Actually, I suppose there's something to the notion. If you work with the "real world", I suppose you're closer to working with what God made; when you work with the electronic world, you're working with something man made. Also, the "real world" is ... well, real. It's there when you don't want it to be, and your ability to do with it what you please is circumscribed. (Though, on that score, so is your ability to manipulate video games).

I think the feeling is linked to our conviction that time ought to be spent well. Personally, I've never liked this notion, as it makes me feel as if every single instant of life ought to spent in ceaseless busyness, a notion I find exhausting and demoralizing. I suppose the eager proponent of such a life might point out that we aren't expected to spend every minute working ... some moments need to be spent resting. Yes ... so that we can get more work done! If we could work without getting tired, such a philosophy would work ceaselessly forever. And I hate the idea. My reaction to it strikes me as a little childish, and think there's a lot of truth in that. I've always hated the fact that the world seems to want nothing but work, work, work all the time. I want to play but the world is geared to make me work. I've always felt that the world is trying to make me stop playing and start working.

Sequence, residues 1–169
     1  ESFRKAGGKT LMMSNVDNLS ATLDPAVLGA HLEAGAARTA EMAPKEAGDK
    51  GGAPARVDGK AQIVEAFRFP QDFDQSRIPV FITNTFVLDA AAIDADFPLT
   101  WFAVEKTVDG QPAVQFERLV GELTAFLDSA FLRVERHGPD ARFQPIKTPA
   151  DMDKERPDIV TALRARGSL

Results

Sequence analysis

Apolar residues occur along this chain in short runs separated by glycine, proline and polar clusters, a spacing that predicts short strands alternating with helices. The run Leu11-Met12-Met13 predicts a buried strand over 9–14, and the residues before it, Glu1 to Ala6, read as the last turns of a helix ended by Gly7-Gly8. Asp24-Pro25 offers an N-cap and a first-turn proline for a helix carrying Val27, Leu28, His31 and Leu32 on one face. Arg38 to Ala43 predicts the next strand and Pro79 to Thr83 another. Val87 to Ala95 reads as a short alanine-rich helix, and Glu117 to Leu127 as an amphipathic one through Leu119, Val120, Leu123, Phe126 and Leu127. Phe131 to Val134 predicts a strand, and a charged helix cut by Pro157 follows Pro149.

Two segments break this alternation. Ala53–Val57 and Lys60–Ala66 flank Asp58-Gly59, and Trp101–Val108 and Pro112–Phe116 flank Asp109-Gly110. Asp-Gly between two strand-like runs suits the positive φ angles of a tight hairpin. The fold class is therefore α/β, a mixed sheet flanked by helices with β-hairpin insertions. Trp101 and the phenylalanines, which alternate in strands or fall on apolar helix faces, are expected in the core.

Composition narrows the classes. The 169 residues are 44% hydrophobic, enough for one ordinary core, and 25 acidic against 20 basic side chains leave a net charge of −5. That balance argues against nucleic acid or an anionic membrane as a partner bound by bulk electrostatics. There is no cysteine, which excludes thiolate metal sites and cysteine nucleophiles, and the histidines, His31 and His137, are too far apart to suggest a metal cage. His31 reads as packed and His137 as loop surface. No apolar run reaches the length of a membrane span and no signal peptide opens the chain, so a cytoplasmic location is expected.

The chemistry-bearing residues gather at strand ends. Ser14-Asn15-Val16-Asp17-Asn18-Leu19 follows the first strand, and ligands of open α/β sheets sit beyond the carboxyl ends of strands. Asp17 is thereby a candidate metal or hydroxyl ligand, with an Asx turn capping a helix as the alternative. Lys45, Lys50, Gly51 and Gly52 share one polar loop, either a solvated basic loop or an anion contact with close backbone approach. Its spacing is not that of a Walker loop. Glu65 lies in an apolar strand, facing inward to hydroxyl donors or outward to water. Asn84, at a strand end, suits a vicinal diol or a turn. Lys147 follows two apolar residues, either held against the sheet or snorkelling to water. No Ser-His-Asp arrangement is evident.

Ecclesiastes is such a great book; it provides me with a ringing answer to give to the world's insistence on busyness. "MEANINGLESS!" I cry in a booming voice. "MEANINGLESS! Everything is meaningless. Your ceaseless strivings are meaningless and empty." In some ways, this "fact" strikes me as freeing, not damning. It means it's ok to play. It's ok to play, because work isn't necessarily "better." Unfortunately, the New Testament comes in and screws up Ecclesiastes by saying that work "for the Lord" isn't meaningless, that death isn't the end, that our work can earn eternal rewards (and our lack thereof can have eternal consequences). Damn it! Now, once again, the cruel logic of the universe closes in on me, trying to snare me into the trap of the eternal (or at least life-long) rat race. (Though, if that was the case, I swear I'll play video games for millennia in heaven, just to spite the inner compulsion.) How strange that the doctrine of eternal life and reward can be such terrible news.